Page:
Daniel Radcliffe on why he denounced JK Rowling's anti-trans views

Back in 2020, after Rowling's anti-trans sentiment drew backlash, the actor penned an open letter that was shared by the Trevor Project website.
Daniel Radcliffe with the other 'Harry Potter' stars
Daniel Radcliffe with the other 'Harry Potter' starsReuters

LOS ANGELES: British actor Daniel Radcliffe has opened up about why it was important for him to make a public statement about 'Harry Potter' author JK Rowling for her views on the transgender community. During the summer of 2020, Rowling came under fire for candidly expressing her views about gender identity, which was perceived as transphobic by many.

One of her tweets from back then reads, "I know and love trans people, but erasing the concept of sex removes the ability of many to meaningfully discuss their lives. It isn't hate to speak the truth." According to Variety, recently in an interview with IndieWire, Radcliffe said, "The reason I felt very, very much as though I needed to say something when I did was that, particularly since finishing Potter, I've met so many queer and trans kids and young people who had a huge amount of identification with Potter on that."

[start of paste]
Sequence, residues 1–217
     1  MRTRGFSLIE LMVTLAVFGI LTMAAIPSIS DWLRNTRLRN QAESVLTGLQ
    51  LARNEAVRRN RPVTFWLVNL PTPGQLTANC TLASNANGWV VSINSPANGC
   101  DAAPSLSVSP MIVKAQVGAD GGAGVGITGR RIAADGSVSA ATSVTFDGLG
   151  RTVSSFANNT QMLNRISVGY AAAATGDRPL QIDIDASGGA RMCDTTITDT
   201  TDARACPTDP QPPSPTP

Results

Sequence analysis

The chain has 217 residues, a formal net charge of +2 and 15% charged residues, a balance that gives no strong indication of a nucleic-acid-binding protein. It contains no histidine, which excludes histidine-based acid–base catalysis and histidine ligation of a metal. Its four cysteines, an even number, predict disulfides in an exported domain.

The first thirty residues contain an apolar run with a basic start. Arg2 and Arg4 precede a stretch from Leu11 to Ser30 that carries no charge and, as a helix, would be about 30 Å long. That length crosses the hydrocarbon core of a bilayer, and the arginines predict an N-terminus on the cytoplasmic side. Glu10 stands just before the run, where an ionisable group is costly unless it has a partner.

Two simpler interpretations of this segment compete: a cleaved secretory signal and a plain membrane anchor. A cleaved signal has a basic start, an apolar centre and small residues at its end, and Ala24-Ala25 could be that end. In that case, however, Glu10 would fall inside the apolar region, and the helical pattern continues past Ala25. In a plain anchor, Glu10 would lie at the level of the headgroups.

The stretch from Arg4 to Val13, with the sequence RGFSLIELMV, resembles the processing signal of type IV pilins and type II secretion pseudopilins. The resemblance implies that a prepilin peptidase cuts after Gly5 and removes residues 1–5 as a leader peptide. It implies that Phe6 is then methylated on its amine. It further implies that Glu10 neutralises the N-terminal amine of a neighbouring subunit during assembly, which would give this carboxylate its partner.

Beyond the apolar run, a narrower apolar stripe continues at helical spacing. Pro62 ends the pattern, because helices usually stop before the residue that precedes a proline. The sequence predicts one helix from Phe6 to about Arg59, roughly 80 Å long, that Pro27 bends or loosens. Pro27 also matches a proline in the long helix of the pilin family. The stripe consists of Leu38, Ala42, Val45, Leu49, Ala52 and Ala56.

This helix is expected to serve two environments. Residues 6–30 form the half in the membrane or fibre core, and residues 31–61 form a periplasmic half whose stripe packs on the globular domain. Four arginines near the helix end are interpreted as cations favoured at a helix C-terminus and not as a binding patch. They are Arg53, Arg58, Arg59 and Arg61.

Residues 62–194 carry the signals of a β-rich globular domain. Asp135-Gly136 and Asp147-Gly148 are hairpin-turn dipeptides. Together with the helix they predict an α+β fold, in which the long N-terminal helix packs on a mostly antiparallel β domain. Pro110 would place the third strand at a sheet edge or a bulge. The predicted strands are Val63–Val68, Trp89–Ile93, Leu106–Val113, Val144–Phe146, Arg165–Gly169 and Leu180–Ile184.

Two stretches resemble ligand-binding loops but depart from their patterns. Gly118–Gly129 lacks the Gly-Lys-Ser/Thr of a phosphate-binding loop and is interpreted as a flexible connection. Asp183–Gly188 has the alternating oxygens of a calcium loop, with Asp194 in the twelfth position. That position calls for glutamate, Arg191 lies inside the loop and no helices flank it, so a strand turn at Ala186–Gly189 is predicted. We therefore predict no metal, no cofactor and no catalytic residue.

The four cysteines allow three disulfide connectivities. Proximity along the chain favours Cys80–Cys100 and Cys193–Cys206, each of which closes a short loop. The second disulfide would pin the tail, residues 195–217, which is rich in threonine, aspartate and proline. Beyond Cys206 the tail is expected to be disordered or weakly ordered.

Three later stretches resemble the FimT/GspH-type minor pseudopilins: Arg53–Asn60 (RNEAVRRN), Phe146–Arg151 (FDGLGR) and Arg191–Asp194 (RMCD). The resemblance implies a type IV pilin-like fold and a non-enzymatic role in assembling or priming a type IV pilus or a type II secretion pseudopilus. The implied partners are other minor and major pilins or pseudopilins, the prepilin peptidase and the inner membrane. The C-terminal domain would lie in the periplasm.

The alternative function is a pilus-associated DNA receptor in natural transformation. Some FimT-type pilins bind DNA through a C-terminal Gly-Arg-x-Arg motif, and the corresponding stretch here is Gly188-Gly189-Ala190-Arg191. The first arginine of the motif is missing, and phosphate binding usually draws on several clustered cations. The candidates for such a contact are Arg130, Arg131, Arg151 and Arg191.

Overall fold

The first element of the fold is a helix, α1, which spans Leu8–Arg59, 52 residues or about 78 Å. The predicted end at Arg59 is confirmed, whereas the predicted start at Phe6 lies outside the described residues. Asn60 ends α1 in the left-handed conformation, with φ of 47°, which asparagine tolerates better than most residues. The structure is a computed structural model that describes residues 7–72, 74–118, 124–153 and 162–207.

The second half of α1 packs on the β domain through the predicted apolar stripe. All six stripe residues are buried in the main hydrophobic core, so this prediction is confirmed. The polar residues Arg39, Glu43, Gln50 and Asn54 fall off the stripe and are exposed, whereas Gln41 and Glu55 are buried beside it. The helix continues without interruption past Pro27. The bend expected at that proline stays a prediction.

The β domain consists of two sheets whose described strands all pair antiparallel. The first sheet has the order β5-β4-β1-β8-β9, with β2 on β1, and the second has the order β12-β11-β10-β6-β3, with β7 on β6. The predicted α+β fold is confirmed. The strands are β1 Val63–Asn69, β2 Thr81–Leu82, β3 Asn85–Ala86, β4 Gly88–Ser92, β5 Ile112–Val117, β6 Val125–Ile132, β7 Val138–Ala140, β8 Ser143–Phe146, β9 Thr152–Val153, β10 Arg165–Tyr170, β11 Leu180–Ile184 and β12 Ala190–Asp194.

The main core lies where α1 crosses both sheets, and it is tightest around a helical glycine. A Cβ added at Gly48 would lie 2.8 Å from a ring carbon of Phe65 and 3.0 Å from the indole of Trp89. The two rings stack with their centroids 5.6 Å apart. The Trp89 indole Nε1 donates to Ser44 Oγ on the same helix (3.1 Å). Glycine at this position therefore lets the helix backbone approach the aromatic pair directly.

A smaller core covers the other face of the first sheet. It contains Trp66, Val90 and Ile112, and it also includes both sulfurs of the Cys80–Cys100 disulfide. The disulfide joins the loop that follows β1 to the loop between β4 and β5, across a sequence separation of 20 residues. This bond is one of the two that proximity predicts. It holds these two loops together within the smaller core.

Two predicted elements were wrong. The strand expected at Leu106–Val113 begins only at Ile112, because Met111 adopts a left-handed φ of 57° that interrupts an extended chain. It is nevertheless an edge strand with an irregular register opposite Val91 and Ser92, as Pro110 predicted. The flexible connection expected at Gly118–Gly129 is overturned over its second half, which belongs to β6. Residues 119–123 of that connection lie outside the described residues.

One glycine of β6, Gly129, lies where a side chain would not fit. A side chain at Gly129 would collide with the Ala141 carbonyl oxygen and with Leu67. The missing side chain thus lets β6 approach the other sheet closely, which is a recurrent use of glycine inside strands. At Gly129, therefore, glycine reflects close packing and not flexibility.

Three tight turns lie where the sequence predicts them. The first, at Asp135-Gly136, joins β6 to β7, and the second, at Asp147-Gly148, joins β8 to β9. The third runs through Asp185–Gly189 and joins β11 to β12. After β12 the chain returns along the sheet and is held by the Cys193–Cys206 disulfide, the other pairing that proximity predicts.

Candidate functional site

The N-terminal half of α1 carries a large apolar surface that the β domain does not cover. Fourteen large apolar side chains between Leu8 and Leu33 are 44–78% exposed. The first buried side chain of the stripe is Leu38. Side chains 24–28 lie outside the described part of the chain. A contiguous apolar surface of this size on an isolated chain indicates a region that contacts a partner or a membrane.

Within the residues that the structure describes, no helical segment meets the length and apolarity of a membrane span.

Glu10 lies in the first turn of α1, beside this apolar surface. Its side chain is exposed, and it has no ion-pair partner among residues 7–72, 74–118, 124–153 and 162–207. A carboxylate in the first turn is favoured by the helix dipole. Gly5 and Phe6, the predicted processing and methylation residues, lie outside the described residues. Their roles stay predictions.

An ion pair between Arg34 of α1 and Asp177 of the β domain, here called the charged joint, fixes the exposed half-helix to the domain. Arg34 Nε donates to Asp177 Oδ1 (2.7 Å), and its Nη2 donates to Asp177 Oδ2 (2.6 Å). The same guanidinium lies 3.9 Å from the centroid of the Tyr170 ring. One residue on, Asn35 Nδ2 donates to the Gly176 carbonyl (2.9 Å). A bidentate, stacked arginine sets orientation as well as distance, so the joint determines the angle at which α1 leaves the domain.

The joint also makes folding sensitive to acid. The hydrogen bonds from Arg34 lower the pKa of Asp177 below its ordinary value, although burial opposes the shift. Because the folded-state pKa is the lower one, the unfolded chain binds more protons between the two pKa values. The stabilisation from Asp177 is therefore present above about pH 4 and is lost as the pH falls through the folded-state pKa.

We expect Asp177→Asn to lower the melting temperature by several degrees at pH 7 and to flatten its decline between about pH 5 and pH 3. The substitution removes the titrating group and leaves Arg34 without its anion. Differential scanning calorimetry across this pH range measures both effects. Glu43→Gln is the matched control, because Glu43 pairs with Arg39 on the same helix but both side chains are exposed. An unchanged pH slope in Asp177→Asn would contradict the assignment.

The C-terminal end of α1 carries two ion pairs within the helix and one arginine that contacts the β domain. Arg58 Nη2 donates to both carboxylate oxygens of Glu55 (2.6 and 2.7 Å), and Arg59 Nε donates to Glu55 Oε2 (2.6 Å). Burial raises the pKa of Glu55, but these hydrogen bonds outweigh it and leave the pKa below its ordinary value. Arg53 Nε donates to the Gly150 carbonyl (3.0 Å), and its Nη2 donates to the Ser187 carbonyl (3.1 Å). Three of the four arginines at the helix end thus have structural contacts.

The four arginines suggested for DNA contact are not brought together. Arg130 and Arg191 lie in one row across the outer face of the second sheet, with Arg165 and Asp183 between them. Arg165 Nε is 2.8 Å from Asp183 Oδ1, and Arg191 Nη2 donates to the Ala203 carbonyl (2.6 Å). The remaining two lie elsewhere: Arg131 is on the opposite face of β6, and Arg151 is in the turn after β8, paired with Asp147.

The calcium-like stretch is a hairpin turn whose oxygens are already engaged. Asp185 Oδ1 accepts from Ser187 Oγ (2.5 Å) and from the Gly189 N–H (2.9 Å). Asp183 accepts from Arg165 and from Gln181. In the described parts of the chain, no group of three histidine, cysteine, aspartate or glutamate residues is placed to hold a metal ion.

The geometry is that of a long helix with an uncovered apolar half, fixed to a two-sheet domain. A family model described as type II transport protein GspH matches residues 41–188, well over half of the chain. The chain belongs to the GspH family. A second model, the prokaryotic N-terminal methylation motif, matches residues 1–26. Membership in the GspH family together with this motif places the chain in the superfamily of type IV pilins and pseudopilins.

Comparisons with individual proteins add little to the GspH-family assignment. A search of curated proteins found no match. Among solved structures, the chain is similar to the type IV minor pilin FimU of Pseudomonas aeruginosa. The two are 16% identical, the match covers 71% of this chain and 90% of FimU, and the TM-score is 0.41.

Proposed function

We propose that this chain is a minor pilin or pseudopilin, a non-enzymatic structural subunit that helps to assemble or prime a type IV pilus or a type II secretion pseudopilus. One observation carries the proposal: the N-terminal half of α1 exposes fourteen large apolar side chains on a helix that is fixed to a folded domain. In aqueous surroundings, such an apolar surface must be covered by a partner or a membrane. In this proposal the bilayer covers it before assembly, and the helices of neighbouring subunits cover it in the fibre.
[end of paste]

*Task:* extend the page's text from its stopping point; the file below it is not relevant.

"So seeing them hurt on that day I was like, I wanted them to know that not everybody in the franchise felt that way. And that was really important," he added. Back in 2020, after Rowling's anti-trans sentiment drew backlash, the actor penned an open letter that was shared by the Trevor Project website.

He wrote, "Transgender women are women. Any statement to the contrary erases the identity and dignity of transgender people and goes against all advice given by professional healthcare associations who have far more expertise on this subject matter than either Jo or I. It's clear that we need to do more to support transgender and nonbinary people, not invalidate their identities, and not cause further harm, " as per Variety. Meanwhile, Fox news reported that actor Tom Felton, who played Draco Malfoy in the 'Harry Potter' films, was less critical of Rowling's comments, telling The Times of London, "I can't speak for what other individuals have said... I am quick to remind myself and others that 'Potter' for some reason has brought more people together across the world and more generations than probably anything else has in the past 20 years, and I'm quick to celebrate that. It came from one person, and that's her, so I'm very grateful."

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